Film Review: J. EDGAR

Directed by Clint Eastwood
Written by Dustin Lance Black
Starring Leonardo DiCaprio, Armie Hammer, Naomi Watts, Josh Lucas, Judi Dench

Plot: This, of course, is the story of J. Edgar Hoover, the man who headed the F.B.I from 1924 to 1972.

For me, the movie’s most egregious crime was its focus. It focused basically on two facets of his life: how Hoover came to have such complete control over the FBI and how his odd personality affected the way in which he ran the agency.

The first issue played out with a comprehensive retelling of the Lindberg baby kidnapping, perhaps the most familiar case of the 20th century and one that did not require so much time spent on it. The second area of interest was demonstrated in a myriad of scenes with his partner, Clyde Tolson (Hammer). Scene after scene details their odd relationship without ever really coming to terms with it.

Also if you are going to spend half the movie on someone’s old age, why not hire someone older to play that part? Arnie Hammer, in particular, looked like a monster, whose face is melting for half the movie. Anyone who sees this film will never go outside without sun block again.

Things I would liked to have known about Hoover got short shrift. Why wasn’t he more interested in putting an end to organized crime? Isn’t this the exact period when organized crime got their foothold in the U.S. From this movie, you’d believe that he had very little interest in crime and only chased down major criminals when he was forced to. I would have liked more, or at least some, time spent on the ways in which the massive documents he accumulated on public figures came into play? Did he call and threaten them if his funding was cut? Was he basically a voyeur or did he use what he had?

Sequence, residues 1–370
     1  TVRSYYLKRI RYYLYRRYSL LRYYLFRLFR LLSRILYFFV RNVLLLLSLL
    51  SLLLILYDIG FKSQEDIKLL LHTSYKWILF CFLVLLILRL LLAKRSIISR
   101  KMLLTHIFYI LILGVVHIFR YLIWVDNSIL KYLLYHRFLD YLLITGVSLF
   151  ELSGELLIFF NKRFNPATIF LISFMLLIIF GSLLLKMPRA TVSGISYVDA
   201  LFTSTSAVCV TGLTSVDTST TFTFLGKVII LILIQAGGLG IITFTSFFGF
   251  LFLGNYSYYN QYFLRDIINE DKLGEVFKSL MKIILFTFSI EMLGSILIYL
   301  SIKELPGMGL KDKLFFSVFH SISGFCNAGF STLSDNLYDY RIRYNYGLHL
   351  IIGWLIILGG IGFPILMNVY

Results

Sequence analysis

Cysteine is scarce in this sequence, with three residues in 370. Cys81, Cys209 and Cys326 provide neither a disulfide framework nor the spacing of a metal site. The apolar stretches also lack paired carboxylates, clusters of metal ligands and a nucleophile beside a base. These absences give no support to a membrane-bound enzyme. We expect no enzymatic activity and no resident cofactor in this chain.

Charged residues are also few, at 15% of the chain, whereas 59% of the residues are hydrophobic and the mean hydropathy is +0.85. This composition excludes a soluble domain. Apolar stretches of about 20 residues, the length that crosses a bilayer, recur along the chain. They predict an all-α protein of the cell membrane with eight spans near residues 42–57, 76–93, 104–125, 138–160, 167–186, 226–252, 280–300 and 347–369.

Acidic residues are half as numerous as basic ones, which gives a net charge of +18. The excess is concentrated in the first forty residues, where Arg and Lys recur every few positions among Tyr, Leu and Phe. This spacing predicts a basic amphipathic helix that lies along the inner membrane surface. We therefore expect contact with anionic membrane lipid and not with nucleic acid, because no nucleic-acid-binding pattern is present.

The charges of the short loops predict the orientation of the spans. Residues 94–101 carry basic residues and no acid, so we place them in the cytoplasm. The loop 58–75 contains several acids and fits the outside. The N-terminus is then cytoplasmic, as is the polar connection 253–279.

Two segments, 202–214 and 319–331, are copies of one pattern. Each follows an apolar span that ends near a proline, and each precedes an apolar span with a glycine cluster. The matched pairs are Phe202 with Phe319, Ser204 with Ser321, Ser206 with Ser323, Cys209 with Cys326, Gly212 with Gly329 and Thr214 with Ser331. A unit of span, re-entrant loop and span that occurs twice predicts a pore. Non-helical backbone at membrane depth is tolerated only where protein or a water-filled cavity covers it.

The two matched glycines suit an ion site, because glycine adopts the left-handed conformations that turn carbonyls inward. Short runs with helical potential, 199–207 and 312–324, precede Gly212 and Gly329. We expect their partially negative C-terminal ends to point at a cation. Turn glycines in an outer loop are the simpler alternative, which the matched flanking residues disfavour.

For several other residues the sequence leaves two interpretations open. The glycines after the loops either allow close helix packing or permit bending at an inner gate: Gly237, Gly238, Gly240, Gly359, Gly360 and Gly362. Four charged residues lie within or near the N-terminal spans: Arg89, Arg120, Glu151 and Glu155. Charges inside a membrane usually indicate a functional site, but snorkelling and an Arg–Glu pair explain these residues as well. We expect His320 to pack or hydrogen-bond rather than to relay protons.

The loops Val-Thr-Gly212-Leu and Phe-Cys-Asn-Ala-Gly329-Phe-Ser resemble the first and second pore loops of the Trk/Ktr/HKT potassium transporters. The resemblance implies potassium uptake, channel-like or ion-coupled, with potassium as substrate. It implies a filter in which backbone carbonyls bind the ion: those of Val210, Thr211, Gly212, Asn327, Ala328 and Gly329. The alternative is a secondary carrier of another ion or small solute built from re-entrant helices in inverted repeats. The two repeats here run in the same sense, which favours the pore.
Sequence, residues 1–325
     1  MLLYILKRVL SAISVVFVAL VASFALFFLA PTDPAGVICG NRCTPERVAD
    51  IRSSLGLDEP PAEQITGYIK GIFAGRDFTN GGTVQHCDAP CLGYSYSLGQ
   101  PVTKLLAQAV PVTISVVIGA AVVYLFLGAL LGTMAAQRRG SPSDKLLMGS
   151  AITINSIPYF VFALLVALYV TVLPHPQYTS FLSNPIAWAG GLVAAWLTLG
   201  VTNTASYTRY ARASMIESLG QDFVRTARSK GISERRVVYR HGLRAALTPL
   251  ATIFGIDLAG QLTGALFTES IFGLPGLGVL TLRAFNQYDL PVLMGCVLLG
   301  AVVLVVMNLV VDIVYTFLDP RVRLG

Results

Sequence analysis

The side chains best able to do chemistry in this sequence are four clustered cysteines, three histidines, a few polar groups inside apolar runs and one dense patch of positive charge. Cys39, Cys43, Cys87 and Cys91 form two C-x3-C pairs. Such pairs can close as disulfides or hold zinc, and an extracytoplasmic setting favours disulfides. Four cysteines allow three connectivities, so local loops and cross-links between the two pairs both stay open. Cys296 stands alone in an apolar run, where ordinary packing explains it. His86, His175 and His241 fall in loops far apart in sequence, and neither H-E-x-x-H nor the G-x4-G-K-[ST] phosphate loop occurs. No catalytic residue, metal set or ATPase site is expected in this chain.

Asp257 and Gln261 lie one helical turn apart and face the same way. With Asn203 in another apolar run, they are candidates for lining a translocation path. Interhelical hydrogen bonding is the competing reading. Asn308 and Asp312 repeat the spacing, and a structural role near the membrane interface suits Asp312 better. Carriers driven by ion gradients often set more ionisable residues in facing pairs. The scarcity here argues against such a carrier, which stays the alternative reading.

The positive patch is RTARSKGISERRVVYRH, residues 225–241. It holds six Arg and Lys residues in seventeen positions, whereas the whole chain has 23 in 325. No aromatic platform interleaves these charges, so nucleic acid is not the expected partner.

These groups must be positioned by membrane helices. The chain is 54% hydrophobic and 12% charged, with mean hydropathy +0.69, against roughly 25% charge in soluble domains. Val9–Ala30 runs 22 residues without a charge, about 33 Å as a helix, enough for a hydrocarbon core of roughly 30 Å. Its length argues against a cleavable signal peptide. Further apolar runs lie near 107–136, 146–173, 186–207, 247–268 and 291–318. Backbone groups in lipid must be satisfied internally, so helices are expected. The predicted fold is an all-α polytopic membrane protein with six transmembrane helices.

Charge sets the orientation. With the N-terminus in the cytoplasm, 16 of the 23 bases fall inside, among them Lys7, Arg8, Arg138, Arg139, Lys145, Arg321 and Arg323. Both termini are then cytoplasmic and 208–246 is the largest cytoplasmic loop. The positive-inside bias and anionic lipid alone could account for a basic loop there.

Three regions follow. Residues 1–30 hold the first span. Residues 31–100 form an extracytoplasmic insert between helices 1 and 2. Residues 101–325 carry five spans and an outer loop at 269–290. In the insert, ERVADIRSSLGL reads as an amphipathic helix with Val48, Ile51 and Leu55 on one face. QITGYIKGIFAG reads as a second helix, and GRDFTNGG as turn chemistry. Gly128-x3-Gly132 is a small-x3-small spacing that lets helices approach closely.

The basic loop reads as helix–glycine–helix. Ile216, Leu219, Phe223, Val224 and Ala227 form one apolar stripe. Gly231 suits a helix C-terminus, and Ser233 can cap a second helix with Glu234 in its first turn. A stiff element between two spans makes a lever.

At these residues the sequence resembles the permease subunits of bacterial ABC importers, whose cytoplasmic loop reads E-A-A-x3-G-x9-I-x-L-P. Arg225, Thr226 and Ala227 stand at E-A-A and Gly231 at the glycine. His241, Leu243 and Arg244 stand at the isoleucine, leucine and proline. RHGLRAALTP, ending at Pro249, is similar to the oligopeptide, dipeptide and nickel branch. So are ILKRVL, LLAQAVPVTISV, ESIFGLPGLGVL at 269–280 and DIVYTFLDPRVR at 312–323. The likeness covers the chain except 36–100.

I’d like to know why he especially hated Martin Luther King, Jr. Why did his secretary (Watts) see a career with him as worth pursuing? She indicated ambition, but did shredding his documents after his death provide it.

Eastwood likes physically dark movies, I think. This one mostly plays out in his offices, home and in dark restaurants. Why? How did he get all the sun spots if he never went outside?

A major disappointment.

Patti Abbott writes crime fiction short stories. She hosts a look at Forgotten Books every Friday with readers, writers and reviewers at She hopes you’ll join in